siting committee that includes  representatives from
the community to provide input on considering
environmental factors at potential school locations.

How to get involved?

The Meaningful Public Involvement section of the
guidelines has information about public involvement
and describes the opportunities for meaningful
public involvement at different points throughout
the school siting process.

States, tribes and municipalities may have school
siting regulations or guidance.  The government
agency that has jurisdiction over school siting varies
depending on state, tribal and local authorities. If
you have questions about school siting, contact your
state, tribal or local education,  environment and
health agencies.
You can also contact the EPA Regional Schools
Coordinator for your region. (Visit www.epa.gov/
children and click on "Where You Live.")

Do these guidelines apply if an existing school
in my community is in a location with potential
environmental hazards?

While the focus of these guidelines is on the
evaluation of environmental factors in the selection
of locations for new schools, there are many steps
that can be taken at existing schools to help promote
healthy school environments. EPA has resources and
links to a number of programs at www.epa.gov/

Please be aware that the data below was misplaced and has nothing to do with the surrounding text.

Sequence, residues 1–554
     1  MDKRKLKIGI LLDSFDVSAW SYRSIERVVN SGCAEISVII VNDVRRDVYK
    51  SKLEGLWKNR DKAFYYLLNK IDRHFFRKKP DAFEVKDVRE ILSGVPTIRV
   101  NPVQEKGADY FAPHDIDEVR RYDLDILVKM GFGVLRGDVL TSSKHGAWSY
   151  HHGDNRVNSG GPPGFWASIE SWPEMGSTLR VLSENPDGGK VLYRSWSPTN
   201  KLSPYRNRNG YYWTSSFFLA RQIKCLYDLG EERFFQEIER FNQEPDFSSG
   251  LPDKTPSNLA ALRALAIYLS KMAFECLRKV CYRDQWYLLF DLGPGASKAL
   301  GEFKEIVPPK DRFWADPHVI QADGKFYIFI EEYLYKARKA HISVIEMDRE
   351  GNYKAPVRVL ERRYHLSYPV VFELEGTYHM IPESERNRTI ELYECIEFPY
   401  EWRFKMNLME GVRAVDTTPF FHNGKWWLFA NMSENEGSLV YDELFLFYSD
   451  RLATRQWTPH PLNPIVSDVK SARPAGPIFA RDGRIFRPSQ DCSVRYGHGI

schools that are designed to help schools and
communities take action to protect children's health.

In some cases, environmental improvements at
school  facilities can reduce potential hazards; in
other cases, such as widespread air pollution or
water quality issues, a community wide approach
may be called for. Community organizations, local
businesses and local government can  serve as
important partners in addressing potential
environmental concerns.

While these guidelines discuss many environmental
factors of potential  concern at school locations, the
presence of a potential environmental hazard may
not necessarily pose unacceptable risks to students
and staff at an individual school.

How can I get a copy of the guidelines?

The guidelines are available at www.epa.gov/
schools/siting. On the website you can read the
overview for the guidelines and overviews for the
main sections of the guidelines and access Frequent
Questions and Links to Resources. You can also
access the PDF of the full Guidelines to view,
download or print.

To request a hard copy of the School Siting
Guidelines (EPA-100-K-11-004), contact EPA's
National Service Center for Environmental
Publications at
        Internet: www.epa.gov/nscep
        Phone: (800)490-9198
        E-Mail: nscep@bps-lmit.com
        Fax: (301)604-3408
        US Mail:  U.S. EPA/NSCEP
                P.O. Box 42419
                Cincinnati, Ohio 45242-0419
2 | EPA's School Siting Guidelines - Fact Sheet